The National Geospatial Intelligence-Agency plans to complete the process of installing app stores on all three intelligence networks when it opens the secret version within the next week. Unclassified and top secret versions are already open.
All NGA has to do now is figure out how to fill the stores with apps.
Credit: National Geospatial-Intelligence Agency
The agency has published about a hundred geospatial apps produced under individual contracts. NGA doesn’t think that approach is financially sustainable or the best way to take advantage of private sector innovation.
But how can NGA fire up the software industry to deliver apps on its own initiative?
That was the topic of an unclassified “Industry Day” held today at the William Allder Auditorium inside NGA’s futuristic Campus East facility in Springfield, Va.
The auditorium was filled almost to capacity by industry officials, some of whom asked hard-hitting questions about the shift NGA is attempting.
Until now, NGA has spelled out and paid for exactly the kind of software it required to solve specific geospatial problems. Under the app model, NGA will give companies broad categories of apps, such as “Counterterrorism” or “Transnational Analysis.” Developers would create apps on their own dime, submit them to NGA for security and legal approval, and earn returns based on how well the apps perform for users who download them from the stores. The apps could be downloaded to smartphones, tablets or desktops, subject to security rules.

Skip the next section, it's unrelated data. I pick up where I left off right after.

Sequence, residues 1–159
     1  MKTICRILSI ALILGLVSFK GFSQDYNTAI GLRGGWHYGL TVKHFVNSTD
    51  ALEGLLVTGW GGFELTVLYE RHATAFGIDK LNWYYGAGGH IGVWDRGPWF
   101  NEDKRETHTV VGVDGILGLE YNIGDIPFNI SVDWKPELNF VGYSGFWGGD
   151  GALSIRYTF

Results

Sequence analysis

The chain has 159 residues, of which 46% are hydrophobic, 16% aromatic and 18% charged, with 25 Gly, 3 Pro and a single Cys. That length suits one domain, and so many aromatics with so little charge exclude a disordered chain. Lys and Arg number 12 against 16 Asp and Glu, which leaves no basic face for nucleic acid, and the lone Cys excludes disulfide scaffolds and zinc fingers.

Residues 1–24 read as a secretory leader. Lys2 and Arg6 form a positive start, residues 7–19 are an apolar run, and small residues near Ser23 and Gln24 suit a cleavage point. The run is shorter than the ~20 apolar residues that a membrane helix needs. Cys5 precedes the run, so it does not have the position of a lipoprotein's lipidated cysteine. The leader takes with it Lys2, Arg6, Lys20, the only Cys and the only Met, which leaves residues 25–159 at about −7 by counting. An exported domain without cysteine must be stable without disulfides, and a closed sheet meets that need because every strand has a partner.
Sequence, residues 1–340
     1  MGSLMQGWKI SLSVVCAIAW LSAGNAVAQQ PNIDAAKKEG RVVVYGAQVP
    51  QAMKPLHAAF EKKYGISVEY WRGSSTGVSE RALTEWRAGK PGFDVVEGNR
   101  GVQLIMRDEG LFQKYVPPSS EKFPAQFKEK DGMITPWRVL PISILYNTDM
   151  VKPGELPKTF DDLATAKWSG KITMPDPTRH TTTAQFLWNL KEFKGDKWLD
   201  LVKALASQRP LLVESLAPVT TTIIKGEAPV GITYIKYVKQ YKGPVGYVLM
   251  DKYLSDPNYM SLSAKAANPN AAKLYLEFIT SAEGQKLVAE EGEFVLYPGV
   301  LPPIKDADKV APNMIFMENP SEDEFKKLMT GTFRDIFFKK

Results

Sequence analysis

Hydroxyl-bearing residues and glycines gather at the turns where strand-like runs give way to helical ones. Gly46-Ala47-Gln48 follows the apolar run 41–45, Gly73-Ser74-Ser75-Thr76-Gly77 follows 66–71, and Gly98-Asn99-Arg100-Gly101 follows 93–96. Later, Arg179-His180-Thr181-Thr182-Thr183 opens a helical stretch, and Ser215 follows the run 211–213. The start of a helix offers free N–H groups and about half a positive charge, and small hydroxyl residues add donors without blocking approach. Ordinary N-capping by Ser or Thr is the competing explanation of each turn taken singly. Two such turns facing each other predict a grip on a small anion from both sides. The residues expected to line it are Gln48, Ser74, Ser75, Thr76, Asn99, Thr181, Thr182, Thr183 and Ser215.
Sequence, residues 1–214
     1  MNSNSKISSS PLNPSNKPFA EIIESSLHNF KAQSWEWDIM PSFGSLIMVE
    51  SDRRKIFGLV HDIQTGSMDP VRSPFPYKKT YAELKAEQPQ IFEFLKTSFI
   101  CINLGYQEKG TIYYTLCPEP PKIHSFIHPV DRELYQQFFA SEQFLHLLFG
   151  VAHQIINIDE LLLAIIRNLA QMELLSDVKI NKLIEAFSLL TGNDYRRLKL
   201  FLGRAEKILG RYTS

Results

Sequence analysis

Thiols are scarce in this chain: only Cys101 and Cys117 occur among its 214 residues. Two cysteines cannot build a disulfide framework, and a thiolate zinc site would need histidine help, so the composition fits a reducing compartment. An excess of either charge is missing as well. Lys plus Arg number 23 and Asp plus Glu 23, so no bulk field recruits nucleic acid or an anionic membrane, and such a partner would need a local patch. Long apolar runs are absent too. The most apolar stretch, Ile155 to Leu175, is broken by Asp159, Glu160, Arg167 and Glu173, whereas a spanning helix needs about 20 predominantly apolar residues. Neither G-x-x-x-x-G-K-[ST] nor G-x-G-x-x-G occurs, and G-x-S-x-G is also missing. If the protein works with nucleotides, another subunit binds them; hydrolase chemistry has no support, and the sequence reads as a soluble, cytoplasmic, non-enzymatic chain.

“The best athlete will win,” said NGA’s Mark Riccio, application services director in the Online GEOINT Services Directorate, a group established by NGA in February.
NGA is still working out exactly how to measure performance and pay the app developers. Last month the agency released a request for information seeking ideas for compensation models.
The conundrum is that important apps might only be used by handfuls of users, which means numbers of downloads alone can’t be the reward metric. User feedback also would need to be considered, and so NGA is looking at systems of star-ratings and payments for apps that move from bronze to silver to gold categories.
Some fees would come from downloads, but at the industry day NGA officials did not spell out how those fees would be paid. A soldier in a Stryker vehicle, for example, could not whip out a credit card, one attendee noted after the session.
Once that issue is resolved, much would the apps cost to download? In the question and answer session, one of the attendees brought up the example of Angry Birds, the app store game with versions ranging from free to 99 cents.
Jill O’Connor, an NGA contracting lawyer, said prices would take into account how many users are likely to need the app. Some could cost $100, others $400 or even more.
“I don’t think we’re limiting ourselves to the 99 cents,” O’Connor said. “For the ones that only a handful of people will use – tens of thousands of dollars?” she said.
As far as timing, NGA has set bold goals. Director Letitia Long has told staff she wants 75 percent of all apps to come from the industry, not NGA, by July 2013.
NGA also wants developers to produce functional apps within 60 days from concept to operation. The agency is setting up a process to approve them for inclusion in the stores within two weeks of submission, which in the commercial world is about how long Apple requires to approve iPhone apps.